Long County had its first Juneteenth celebration Saturday at South Park in Ludowici.
The daylong event featured games and other activities for children and adults. The 912 Martin Luther King Jr. Observance Committee, which organized the Juneteenth Jubilee along with a Martin Luther King Jr. Day parade in Ludowici for the last two years, hopes the Juneteenth celebration will become an annual event in Long County, said Tiwanna Blakley, the event’s public relations manager.
Juneteenth commemorates June 19, 1865, when Union Gen. Gordon Granger arrived on Galveston Island, Texas, and read General Orders, No. 3, informing slaves that they were free.
“The people of Texas are informed that, in accordance with a proclamation from the Executive of the United States, ‘all slaves are free,’ the order reads. “This involves an absolute equality of personal rights and rights of property between former masters and slaves, and the connection heretofore existing between them becomes that between employer and hired labor.
“The freedmen are advised to remain quietly at their present homes, and work for wages. They are informed that they will not be allowed to collect at military posts, and that they will not be supported in idleness either there or elsewhere.”
Liberty County Branch NAACP President Graylan Quarterman was the guest speaker. He tried to imagine what it would have been like to hear the general order read.
“I can imagine a slave standing at the footstep of the master’s porch, saying, ‘Master, I’m free, but I have nowhere to go. I have nothing of my own. Can I stay and work?’ And some did,” he said. “Can they stay and work for a portion of what they produce in the fields? And some of those stayed for a while and find out that they could not produce enough, that they could ever get on their feet.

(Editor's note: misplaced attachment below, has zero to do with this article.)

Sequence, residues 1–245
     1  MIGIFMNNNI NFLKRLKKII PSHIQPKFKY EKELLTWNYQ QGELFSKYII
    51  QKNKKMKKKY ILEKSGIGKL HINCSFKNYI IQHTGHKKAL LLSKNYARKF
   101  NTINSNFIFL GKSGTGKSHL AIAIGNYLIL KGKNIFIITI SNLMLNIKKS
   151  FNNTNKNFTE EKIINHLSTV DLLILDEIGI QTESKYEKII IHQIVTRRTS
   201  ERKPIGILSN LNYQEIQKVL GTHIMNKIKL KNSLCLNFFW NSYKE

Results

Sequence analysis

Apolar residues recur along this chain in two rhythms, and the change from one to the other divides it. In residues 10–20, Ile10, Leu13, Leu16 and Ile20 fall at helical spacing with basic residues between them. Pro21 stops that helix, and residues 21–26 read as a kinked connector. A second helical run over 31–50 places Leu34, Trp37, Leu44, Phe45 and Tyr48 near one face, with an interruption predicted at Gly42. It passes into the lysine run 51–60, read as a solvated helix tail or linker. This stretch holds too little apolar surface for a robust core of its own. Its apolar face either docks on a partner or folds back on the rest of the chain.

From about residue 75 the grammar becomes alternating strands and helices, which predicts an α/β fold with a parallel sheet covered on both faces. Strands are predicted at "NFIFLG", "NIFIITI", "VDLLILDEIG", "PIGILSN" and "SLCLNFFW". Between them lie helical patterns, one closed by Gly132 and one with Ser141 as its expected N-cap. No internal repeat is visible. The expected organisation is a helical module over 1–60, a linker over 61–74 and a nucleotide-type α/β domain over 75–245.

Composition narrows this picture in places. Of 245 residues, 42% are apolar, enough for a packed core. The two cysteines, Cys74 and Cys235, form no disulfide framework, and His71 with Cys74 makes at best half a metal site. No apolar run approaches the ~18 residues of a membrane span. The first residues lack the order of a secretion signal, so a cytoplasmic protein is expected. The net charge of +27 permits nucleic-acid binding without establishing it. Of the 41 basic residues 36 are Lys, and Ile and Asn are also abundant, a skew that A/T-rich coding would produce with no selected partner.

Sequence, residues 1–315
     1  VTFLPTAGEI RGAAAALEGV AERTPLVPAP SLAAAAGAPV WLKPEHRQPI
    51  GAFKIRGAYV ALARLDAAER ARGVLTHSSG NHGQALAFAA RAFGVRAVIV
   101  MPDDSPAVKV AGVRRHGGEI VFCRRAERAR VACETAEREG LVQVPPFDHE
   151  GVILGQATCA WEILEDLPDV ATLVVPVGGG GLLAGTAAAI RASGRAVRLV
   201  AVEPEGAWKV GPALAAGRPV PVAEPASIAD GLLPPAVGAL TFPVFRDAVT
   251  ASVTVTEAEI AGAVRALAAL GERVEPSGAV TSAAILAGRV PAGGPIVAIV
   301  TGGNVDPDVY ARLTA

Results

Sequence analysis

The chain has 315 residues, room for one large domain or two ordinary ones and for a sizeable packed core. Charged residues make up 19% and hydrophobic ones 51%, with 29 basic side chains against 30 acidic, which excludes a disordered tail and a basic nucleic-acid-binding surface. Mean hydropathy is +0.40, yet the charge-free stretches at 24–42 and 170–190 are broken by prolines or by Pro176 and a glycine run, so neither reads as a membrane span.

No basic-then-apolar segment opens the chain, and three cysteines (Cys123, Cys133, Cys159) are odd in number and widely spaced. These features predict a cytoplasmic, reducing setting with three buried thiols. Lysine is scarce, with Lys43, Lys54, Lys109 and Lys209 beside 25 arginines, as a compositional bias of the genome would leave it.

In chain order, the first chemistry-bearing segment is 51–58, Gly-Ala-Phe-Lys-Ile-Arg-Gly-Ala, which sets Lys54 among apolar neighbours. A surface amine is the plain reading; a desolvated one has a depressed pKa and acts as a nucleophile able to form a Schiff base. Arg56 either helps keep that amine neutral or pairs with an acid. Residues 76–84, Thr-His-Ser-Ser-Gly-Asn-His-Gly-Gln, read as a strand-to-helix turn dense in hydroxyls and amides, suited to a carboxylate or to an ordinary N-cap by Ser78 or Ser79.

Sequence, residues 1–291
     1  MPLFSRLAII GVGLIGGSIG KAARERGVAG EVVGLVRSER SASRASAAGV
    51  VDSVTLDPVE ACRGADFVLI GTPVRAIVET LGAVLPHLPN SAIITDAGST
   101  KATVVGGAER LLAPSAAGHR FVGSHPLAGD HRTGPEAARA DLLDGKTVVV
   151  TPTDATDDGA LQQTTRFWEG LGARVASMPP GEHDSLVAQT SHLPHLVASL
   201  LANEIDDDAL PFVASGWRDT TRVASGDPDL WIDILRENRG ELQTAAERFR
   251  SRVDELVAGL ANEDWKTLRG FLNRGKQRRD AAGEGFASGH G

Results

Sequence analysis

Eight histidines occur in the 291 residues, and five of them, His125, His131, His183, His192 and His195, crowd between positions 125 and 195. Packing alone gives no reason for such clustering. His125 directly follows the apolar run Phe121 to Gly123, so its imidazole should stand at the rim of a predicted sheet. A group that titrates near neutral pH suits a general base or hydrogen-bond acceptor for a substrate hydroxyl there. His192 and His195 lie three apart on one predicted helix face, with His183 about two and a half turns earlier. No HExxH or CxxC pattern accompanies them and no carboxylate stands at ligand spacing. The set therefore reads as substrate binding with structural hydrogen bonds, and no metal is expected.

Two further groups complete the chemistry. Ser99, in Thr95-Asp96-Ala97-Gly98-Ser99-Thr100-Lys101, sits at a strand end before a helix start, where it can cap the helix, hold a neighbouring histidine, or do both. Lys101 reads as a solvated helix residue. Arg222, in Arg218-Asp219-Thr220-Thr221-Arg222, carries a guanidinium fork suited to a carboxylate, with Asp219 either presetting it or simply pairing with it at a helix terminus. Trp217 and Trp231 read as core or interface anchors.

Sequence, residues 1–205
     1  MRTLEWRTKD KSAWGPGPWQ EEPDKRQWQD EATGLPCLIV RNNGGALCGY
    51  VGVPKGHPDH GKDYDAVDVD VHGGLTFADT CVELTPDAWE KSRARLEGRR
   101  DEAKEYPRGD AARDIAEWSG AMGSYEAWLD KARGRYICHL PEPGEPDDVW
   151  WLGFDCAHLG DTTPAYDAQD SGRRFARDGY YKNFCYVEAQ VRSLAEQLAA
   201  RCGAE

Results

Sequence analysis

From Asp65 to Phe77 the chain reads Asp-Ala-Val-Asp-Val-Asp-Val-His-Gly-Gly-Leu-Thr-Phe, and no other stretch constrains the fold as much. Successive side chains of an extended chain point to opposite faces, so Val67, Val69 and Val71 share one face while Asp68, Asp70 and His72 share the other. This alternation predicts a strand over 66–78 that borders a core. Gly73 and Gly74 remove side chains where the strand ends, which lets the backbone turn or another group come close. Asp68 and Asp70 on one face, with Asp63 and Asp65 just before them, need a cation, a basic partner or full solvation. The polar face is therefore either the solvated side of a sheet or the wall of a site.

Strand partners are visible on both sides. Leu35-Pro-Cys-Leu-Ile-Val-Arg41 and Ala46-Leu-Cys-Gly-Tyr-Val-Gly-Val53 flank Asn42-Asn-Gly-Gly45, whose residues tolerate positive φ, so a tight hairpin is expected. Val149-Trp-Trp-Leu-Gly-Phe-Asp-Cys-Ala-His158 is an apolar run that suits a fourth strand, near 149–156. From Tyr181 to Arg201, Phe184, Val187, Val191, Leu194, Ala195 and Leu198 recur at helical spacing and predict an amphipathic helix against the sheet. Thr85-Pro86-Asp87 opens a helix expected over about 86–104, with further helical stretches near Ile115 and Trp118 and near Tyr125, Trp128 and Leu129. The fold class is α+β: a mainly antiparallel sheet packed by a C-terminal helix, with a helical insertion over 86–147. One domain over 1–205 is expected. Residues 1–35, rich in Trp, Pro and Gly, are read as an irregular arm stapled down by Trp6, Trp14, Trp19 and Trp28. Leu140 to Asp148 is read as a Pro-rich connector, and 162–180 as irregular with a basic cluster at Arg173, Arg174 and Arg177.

“If I run to the end real quick, I’ll say, seems like some of us is in that same condition today, where it doesn’t seem like we can get on our feet,” he said.
He recounted several instances of what he called the “sickening” disease in America in this day and age. He listed the fatal shooting of nine members of Emanuel AME Church of Charleston, South Carolina, on June 17, 2015; the killing of unarmed black teenager Trayvon Martin in Sanford, Florida, on Feb. 26, 2012, by neighborhood watch member George Zimmerman (who was acquitted of second-degree murder and manslaughter charges in 2013); and the most recent, worst mass shooting in U.S. history at the Pulse nightclub in Orlando, Florida, on June 12, which killed 49 people.
He said this disease will continue “until we realize that we must love everyone, that we are no different because of the color of our skin or the content of our character, that we are all human beings.”
Quarterman urged those listening to catch his vision for Long County, which he said is “doing pretty good, but I think it can do better.” They can improve the county, he said, by getting involved — getting educated and getting involved in their community.
“Let me tell you what politics is,” he said. “It is to determine who gets what and how much you get. So if you want to help determine who gets what, and how much they get, get into politics. And the way you get into politics is one vote at a time.”
Blakley, who is from Long County and returned recently from North Carolina, said Juneteenth is important because it is a chance to remember the end of slavery in this country.
“For this to be a vision of mine and to actually see it happening, this is the best thing I could ever ask for,” she said.